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Joseph Turton (1832–1889)

On Thursday evening last the public were horror-stricken at the report which was circulated through the town that officer Mr. Joseph Turton, Loco-Inspector, had been killed on the railway line. Upon enquiry at the railway station we found that the report was true, and that but few facts could be gleaned concerning the terrible affair. It would appear that Mr. Turton arrived in Bathurst by train about 6 o'clock on that evening from Blayney, having travelled nearly all day. He placed some valuable official documents in the hands of Mr. Farquhar, station-master, and shortly afterwards went into the Railway Refreshment Room, where he had something to eat and drink. About 7.30 o'clock he left the station with the intention of going home, but nothing more was heard of him until about an hour afterwards, when word was brought to the station by Mr. Turton's head clerk, Mr. Burns, that the body of a man was lying on the railway line near the Russell-street crossing. Lamps were procured, and Mr. Farquhar and several railway employees at once went to the spot indicated. They found a body curled up as into a ball, and for some time were unable to recognise it. After turning the body over it was seen to be that of Mr. Turton. His neck was broken, and besides being frightfully injured in other ways, one leg was cut off and lying at some distance from the body, the toes of the foot being torn off and lying on the outside of the rails. All the outer garments wore torn from the body and lying in a ball about five yards away. The whole case is shrouded in mystery, and the solution given by those acquainted with the circumstance is that Mr. Turton was on his road to his residence in Havannah-st., and in order to avoid the mud in the low-lying streets he had sometimes walked along the line from the station to the Railway Bridge, where he would go into Durham-street and then to his home. The ballast from the 'four foot' had been cleared away and placed against the outside of the rail, and it is thought that when he saw the engine coming he stepped off the four foot and was awaiting for the train to pass, but being too near the line the buffer head struck him and he was knocked down and dragged for a distance of about eighty yards, traces of some object having been dragged along the loose ballast being quite plain. The body appears to have been thrown into the 'four foot,' where it was found, while at different parts along the track are traces of blood. The unfortunate gentleman's bag was found a short distance from the body, also his keys and hat. A luggage train with coal arrived at the Bathurst station from Esk Bank about 20 minutes to 8 o'clock, and it is thought that by this train he was first knocked down. At 7.45 p.m. a train left Bathurst for Sydney and this train must have passed over him and carried the body some little distance, from where it first fell. About 8.30 Mr. Burns, Mr. Turton's head clerk, was walking along the line towards his office when he saw the body and at once gave information to the gate-keeper. The gate keeper says Mr. Turton did not pass through the gates, and it is thought that having left the station he walked into Russell-street and as the gate-keeper's box is on the opposite side of the street and line, he was able to pass through without attracting attention. The engine was carefully examined later in the evening and a small trace of blood was found on one of the pipes of the cylinder. Blood was also noticeable on the wheel of the dump-car which was next to the engine. Mr. Turton had been connected with the Railway Department for between twenty and thirty years, and by his untiring zeal and ability had won for himself an honored position. He was not only respected by those over whom he ruled in the department, but was looked upon by his superior officials as one of the best working engineers in the service. He was one of the first Loco.-Inspectors appointed in the Western District and has been over the Bathurst yard from its first establishment.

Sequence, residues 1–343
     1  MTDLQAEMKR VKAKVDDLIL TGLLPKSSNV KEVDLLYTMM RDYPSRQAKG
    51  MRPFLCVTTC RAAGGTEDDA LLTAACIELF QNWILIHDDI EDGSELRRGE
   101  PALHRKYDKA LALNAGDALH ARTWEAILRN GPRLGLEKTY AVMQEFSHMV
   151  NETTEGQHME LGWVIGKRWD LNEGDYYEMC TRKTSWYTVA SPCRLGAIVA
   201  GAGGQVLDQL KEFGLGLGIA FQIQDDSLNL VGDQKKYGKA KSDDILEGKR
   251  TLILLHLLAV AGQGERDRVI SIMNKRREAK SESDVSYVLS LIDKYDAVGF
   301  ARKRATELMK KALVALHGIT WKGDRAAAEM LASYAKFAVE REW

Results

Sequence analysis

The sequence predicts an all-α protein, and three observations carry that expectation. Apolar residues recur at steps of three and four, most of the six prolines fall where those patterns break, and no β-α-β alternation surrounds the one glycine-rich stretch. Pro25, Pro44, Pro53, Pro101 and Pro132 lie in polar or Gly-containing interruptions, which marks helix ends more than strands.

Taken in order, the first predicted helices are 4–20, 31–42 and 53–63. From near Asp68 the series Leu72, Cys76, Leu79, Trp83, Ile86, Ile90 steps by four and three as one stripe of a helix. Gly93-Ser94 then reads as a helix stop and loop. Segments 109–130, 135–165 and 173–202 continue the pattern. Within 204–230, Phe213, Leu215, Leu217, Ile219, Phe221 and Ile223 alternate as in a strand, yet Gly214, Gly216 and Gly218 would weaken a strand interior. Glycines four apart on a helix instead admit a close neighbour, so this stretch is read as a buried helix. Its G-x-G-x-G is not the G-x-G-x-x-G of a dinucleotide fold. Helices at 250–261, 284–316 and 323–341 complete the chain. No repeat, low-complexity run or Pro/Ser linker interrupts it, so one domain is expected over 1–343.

Original publication

Additional Resources

  • inquest, Newcastle Morning Herald (NSW), 24 June 1889, p 5
  • funeral, Bathurst Free Press (NSW), 25 June 1889, p 2

Citation details

'Turton, Joseph (1832–1889)', Obituaries Australia, National Centre of Biography, Australian National University,, accessed 20 May 2024.

© Copyright Obituaries Australia, 2010-2024

Life Summary [details]


April, 1832
Liverpool, Lancashire, England


20 June, 1889 (aged 57)
Bathurst, New South Wales, Australia

Cause of Death

train accident

Cultural Heritage

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